az igazi magyarország

yesterday afternoon found me en route to the mechanic’s, due to a broken bicycle pedal. map in hand, with advice from my ever-helpful colleague imre, i headed out of town on the bike, pedal dangling and flapping against the pavement, in search of szép mihaly (beautiful mike) and his garage. i passed the bus station and entered strip mall land (yes, hungary has strip malls too, thanks to globalization) complete with shell station. this is all good, the perfect place to find a big shiny ‘mike’s autobody and repair shop’. following imre’s excellent directions, i turned and turned again, and put the strip behind me.

suddenly i found myself on residential streets. this can’t be right. quick check with the map, and i’m ok- perhaps the strip continues around the next corner. nope. after the next turn i’m still in suburbia, but now the road is gradually becoming more and more dirt and less and less pavement. there are vineyards. i’m about to check the map again, when i see a sign that was perhaps painted before the russians arrived, reading ‘beautiful mike’s garage’. ok, i’ve found it.

i follow a couple of signs around to a gate, where i push the buzzer, which looks suspiciously like it belongs to someone’s house. through the grape vines in front (everyone in hungary makes their own wine), i see someone shuffling towards me. it is not beautiful mike. it is a middle-aged woman with a wary look. ‘what do you want?’ ‘i’m looking for beautiful mike. my pedal’s broken and my friend told me he could fix it.’ (i am a long way from home.) ‘we’re closed.’ ‘that’s too bad. are you sure you couldn’t do anything to help me out?’ pitiful look and kick to the dangly pedal, which swings with appropriate emotion. ‘let me see. wait here.’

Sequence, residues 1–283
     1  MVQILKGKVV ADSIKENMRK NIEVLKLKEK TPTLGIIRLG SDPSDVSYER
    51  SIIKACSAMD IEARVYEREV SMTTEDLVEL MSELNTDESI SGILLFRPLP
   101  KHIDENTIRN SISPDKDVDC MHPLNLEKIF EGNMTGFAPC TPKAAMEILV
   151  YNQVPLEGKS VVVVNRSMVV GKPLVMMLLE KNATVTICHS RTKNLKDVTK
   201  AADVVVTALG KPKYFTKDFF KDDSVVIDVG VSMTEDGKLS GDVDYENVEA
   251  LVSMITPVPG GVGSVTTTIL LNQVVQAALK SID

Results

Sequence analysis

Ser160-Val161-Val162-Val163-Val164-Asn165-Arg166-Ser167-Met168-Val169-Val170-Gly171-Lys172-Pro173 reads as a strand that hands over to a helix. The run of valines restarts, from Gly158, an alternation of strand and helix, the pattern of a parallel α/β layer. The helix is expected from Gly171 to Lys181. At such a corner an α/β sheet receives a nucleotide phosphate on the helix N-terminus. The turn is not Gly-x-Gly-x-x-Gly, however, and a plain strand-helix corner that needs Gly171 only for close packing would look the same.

i stand on the sidewalk in front of the still-locked gate, dogs barking at me all along the street, feeling quite conspicuous in my ‘professional’ teacher clothes. the woman comes back. ‘he’s coming, just wait here.’ and she disappears again and i wait some more. there’s some more shuffling and then another woman, much older, complete with brightly colored smock and headscarf and clogs and deep wrinkles in her even warier face. ‘what do you want?’ and we try the whole conversation again and another kick to pedal, with the same result. waiting. at this point i’m thinking about the slight smirk on imre’s face when he told me about this place. hmm…

now, here’s another shuffle, and… it’s beautiful mike himself, bless him, looking exactly like i’d expected him to- like a mechanic. both women followed curiously, the key was slowly turned in the gate, and mike popped the old pedals off and the new ones on within five minutes, without leaving the sidewalk. cost me 50 cents.

this, according to my hungarian flatmate, is how things work in hungary. what did i expect? i suppose i could’ve gone to the shell station, like i would’ve at home, and missed all this. but instead i got a deal, i got to see something no tourist will ever see, and i got a story.

p.s. a note to those who live abroad: learn the language.


~ by aliciawolcott on November 17, 2006.

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